A healthy relationship is built on respect, love, and compassion. How does a person develop a healthy relationship in a world that often seems so “me-centered?” We can have strong, positive relationships with others, whether among work colleagues and friends, within family, or with a partner, and still preserve our dignity and self-respect.
Here are five tips for doing so:
- Maintain honest, open communication. Say what you mean and mean what you say. Be consistent and genuine in a positive way. No one likes bullies, and no one wants to be bullied. Accusations and a critical tone make people defensive, and therefore, effective communication can be lost. According to LoveisRespect.org, “Using ‘you’ can sound like you’re attacking, which will make the other person defensive and less receptive to your message. Instead, try using ‘I’ or ‘we.’ For example, say ‘I feel like we haven’t been as close lately’ instead of ‘You have been distant with me.’”
- Be a good listener. Although we all like to get our personal point across during conversations, make sure you also LISTEN to what the other person has to say. Respect is critical in all healthy relationships, and one positive way to show respect is to listen to the other person. Actively listen – that means focusing on what the other person is saying, nodding your head and verbally engaging at appropriate times.
- Respect privacy and confidentiality. What your partner or friend shares with you should not become a gossip piece or a way to “blackmail” him/her for something you want. Remember the Golden Rule: “Do unto others as you would have them do unto you.” Respect, compassion, empathy, and trustworthiness go a long way to build a healthy relationship.
- Set healthy boundaries. According to LoveisRespect.org, “Boundaries are not meant to make you feel trapped or like you’re ‘walking on eggshells.’ Creating boundaries is not a sign of secrecy or distrust — it’s an expression of what makes you feel comfortable and what you would like or not like to happen within the relationship.” Go out with your friends without your partner and allow him to do the same, and respect each other’s likes and dislikes.
- Realize conflicts are inevitable and agree to disagree. Instead of arguing about who is right or trying to convince the other person to change his/her mind, agreeing to disagree is often the best approach. Everyone is a unique individual with their own opinions, thoughts, and beliefs. People’s preferences sometimes differ, and that’s okay. However, if your disagreements are about major things, you may need a different approach to resolve the conflict, such as an objective third party, like a counselor, pastor, or close friend. Keep in mind, though, a lot of minor disagreements and unnecessary stress can be avoided between intimate partners, close friends, and work colleagues just by agreeing to disagree.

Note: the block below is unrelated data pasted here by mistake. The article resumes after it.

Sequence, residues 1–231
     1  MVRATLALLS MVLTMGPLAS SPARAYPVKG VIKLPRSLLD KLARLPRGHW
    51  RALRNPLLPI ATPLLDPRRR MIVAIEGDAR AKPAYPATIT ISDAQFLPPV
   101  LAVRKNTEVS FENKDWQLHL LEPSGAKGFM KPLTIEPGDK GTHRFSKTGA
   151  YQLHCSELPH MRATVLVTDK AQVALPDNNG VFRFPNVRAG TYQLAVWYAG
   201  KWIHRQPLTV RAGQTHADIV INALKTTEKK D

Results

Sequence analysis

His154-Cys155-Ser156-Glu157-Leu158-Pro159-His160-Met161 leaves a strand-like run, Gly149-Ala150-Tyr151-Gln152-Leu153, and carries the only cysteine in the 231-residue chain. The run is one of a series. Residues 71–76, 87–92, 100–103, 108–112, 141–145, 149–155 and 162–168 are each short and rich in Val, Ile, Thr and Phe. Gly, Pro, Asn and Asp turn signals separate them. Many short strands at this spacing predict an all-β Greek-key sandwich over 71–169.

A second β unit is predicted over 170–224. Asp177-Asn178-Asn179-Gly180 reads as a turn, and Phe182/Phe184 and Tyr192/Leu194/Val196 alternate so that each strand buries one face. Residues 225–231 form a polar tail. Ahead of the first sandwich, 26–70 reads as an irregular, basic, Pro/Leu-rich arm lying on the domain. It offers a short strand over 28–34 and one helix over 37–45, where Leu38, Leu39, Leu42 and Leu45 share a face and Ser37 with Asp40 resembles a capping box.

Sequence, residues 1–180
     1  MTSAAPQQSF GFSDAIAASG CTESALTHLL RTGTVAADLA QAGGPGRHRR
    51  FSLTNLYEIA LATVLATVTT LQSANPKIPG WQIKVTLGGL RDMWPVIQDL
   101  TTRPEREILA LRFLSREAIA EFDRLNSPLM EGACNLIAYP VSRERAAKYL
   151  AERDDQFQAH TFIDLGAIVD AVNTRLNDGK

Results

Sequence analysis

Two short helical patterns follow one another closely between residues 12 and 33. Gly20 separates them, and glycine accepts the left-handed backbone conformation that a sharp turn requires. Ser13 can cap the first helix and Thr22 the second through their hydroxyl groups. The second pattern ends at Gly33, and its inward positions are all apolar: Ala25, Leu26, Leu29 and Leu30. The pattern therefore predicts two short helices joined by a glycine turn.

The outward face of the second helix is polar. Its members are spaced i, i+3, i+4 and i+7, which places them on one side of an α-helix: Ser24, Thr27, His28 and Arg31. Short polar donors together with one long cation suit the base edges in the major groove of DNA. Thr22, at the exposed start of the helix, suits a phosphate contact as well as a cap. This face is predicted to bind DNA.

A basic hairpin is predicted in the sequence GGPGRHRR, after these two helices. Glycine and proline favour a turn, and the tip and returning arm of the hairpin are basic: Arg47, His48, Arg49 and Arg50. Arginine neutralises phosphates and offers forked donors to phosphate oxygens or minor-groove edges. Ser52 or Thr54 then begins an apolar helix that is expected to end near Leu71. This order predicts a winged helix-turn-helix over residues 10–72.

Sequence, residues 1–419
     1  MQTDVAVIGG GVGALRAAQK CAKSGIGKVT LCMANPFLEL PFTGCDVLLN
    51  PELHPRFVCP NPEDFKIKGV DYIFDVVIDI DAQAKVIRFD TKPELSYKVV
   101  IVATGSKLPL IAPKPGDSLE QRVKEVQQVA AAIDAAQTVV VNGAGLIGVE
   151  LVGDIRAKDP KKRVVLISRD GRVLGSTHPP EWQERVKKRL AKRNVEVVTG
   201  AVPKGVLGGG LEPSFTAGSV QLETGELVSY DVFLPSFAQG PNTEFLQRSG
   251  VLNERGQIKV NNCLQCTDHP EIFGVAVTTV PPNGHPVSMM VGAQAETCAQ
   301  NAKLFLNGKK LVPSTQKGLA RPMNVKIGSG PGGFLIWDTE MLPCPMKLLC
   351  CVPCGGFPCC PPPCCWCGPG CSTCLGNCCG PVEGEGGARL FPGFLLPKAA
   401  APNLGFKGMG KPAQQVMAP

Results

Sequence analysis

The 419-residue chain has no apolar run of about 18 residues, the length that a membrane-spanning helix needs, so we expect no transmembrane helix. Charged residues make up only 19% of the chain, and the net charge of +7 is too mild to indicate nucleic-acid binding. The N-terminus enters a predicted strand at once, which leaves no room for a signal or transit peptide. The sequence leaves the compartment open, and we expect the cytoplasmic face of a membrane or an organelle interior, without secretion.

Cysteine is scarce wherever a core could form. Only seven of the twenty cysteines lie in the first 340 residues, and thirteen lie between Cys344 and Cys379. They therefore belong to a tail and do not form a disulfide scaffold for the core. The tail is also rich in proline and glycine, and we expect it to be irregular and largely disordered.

Healthy relationships take work; people are different, and that uniqueness is often the reason we are drawn to one another. To maintain a strong, positive relationship we must remember those special qualities that brought us together and strive to show respect, love, and compassion for those we care about.
If you are in an unhealthy intimate relationship or if you are being abused, reach out for help.
Everyone deserves love and respect, not abusive language or physical violence. In Casper, contact the Self Help Center at 235-2814 for advice and assistance. If your work situation is unhealthy, if you are being harassed on-the-job, you have legal rights. Learn more about that here: https://www.eeoc.gov/laws/types/harassment.cfm
If your friendships or family dynamics are unhealthy, you may need to step away from those who mistreat you, degrade you, and/or take advantage of you. Set boundaries to take care of yourself physically, emotionally, and spiritually, and for your own sake and safety, step away from such unhealthy relationships and influences.
True Care offers a healthy self/ healthy relationships program. You will learn how to take better care of yourself, spiritually, physically and emotionally and how to make healthy choices in relationships. The program is incentive-based, which means after completing the five to seven sessions, you’ll receive a gift card. To learn more, contact our Program Director, Rebecca, at 472-2810, ext. 12.
For more information about healthy relationships, visit these websites: